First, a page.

A Vienna based acting couple make magic when they perform together on stage. Unknown to the theater going public and despite being married for only six months, that magic seems no longer to...
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During the Great Depression, a wealthy banker throws away his wife's expensive fur coat; it lands on the head of a stenographer, leading to everyone assuming she is his mistress and has access to his millions.
A Vienna based acting couple make magic when they perform together on stage. Unknown to the theater going public and despite being married for only six months, that magic seems no longer to translate to their personal life, where they are constantly arguing, even under their breaths during on-stage curtain calls. These arguments stem from the actress' moody behavior, which the actor believes means that she no longer loves him and that she is looking for another man to replace him in her personal life. He believes she even scans the audience for potential suitors, probably being most attracted to the soldier type. Their feuding is at a point where they take pot shots at each other about everything in their lives, even the quality of the other's acting. The actor may have a valid point as the actress has been receiving bouquets of roses of late and a Russian guardsman has been seen hanging around outside their home. The actor knows these things as he is that Russian guardsman (who is ... Written by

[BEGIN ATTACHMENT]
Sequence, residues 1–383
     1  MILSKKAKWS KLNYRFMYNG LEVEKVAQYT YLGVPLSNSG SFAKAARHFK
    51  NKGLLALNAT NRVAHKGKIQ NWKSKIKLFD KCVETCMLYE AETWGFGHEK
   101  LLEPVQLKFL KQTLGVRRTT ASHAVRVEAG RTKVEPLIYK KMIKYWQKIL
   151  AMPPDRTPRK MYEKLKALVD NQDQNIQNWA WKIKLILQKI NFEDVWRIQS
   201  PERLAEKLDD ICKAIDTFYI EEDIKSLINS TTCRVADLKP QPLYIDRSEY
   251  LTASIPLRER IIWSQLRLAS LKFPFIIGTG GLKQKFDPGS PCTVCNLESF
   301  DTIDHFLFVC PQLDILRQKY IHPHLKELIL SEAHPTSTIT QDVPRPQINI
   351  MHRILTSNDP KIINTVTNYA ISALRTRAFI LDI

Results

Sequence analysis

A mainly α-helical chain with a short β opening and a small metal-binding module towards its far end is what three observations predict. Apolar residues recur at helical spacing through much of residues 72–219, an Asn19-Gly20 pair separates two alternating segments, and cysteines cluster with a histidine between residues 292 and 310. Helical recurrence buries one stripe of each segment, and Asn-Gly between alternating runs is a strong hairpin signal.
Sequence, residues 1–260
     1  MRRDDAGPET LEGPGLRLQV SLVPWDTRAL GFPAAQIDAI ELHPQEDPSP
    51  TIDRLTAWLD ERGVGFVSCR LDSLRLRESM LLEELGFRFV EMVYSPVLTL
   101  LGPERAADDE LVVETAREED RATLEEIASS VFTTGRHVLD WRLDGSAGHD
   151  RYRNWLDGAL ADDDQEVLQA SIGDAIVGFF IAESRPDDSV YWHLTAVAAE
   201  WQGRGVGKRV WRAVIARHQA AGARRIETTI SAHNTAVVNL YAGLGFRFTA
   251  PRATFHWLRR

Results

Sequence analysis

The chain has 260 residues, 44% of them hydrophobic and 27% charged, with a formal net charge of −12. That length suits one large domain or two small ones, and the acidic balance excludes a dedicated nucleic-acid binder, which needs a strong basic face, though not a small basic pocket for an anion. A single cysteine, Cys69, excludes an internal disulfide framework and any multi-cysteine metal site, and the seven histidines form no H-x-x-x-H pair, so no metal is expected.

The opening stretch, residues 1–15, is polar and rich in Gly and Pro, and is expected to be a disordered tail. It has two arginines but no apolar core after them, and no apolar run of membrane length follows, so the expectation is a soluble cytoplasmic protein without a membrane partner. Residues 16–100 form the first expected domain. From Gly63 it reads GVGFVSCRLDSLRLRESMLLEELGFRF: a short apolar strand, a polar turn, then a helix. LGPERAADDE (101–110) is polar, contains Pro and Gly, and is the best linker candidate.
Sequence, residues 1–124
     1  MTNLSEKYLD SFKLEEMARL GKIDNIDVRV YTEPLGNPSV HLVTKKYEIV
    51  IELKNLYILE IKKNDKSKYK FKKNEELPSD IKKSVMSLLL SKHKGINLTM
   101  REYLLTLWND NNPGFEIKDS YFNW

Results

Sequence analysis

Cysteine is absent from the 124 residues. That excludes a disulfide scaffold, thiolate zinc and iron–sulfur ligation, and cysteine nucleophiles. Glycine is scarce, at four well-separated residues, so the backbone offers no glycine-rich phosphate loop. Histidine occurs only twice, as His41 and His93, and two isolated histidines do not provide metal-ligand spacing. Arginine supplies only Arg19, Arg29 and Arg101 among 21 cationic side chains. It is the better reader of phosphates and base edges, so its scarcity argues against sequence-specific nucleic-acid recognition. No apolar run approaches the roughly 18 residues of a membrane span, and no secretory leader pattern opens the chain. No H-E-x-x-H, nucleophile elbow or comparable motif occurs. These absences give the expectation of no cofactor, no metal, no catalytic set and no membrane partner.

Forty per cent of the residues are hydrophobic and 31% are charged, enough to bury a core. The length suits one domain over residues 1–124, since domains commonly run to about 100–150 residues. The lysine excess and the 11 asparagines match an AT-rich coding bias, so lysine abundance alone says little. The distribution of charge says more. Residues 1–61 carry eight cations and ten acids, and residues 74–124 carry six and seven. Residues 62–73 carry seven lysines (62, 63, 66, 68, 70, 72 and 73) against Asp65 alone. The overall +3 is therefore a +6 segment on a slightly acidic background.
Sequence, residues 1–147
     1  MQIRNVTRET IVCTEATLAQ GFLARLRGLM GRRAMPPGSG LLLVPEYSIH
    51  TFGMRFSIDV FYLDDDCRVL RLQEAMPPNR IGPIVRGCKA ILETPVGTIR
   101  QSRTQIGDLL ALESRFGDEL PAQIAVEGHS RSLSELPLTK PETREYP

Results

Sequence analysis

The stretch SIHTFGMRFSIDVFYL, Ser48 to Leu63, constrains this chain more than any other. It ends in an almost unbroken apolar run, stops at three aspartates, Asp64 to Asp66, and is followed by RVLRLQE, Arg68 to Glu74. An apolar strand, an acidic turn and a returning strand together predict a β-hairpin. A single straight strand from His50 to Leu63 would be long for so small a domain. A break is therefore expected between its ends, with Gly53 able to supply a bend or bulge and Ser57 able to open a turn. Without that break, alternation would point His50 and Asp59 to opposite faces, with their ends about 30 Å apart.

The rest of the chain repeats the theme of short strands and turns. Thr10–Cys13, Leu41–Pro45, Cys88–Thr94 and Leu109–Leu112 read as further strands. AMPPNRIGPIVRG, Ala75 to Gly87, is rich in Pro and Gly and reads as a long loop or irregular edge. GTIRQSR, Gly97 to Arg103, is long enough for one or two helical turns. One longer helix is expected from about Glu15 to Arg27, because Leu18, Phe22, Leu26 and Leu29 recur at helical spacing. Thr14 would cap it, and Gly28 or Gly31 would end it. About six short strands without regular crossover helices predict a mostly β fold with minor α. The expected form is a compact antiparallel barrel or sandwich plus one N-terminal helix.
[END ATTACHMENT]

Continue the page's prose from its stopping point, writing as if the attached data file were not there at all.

The play from which a scene is shown at the beginning of the film is Maxwell Anderson's "Elizabeth the Queen", in which we see Lynn Fontanne and Alfred Lunt recreating the roles of Queen Elizabeth I and Lord Essex, which they had played on Broadway in the actual original production of "Elizabeth the Queen" the year before. See more »
[the Creditor has seen through the Actor's disguise]
Your own mother might not know you. Your own wife might not know you. And you might put on all the uniforms and all the whiskers and all the wigs in the world. But, as long as you owe me money, I would know you.
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Real life husband and wife duo Alfred Lunt and Lynn Fontanne play famous married theater performers (named in the credits only as The Actor and The Actress). The Actor is so convinced that his wife would be unfaithful to him if given the chance, he dresses up like a Russian officer to try and seduce her. The Guardsman remains the only sound film that either Lunt or Fontanne ever did, which is a damn shame. Both actors achieve a natural quality on screen rarely equaled in thirties films. Lunt especially gives a knockout comedic performance, not only as the whining, conceited, jealous husband, but also as the brash and passionate Guardsman. The rest of the cast play their parts perfectly as well, doing justice to the delightfully witty script. It looses some momentum in the second half, as the film slowly works its way to the conclusion you know is coming. They definitely could have played with the scenario a bit more. Nonetheless, it makes for a very enjoyable comedy.
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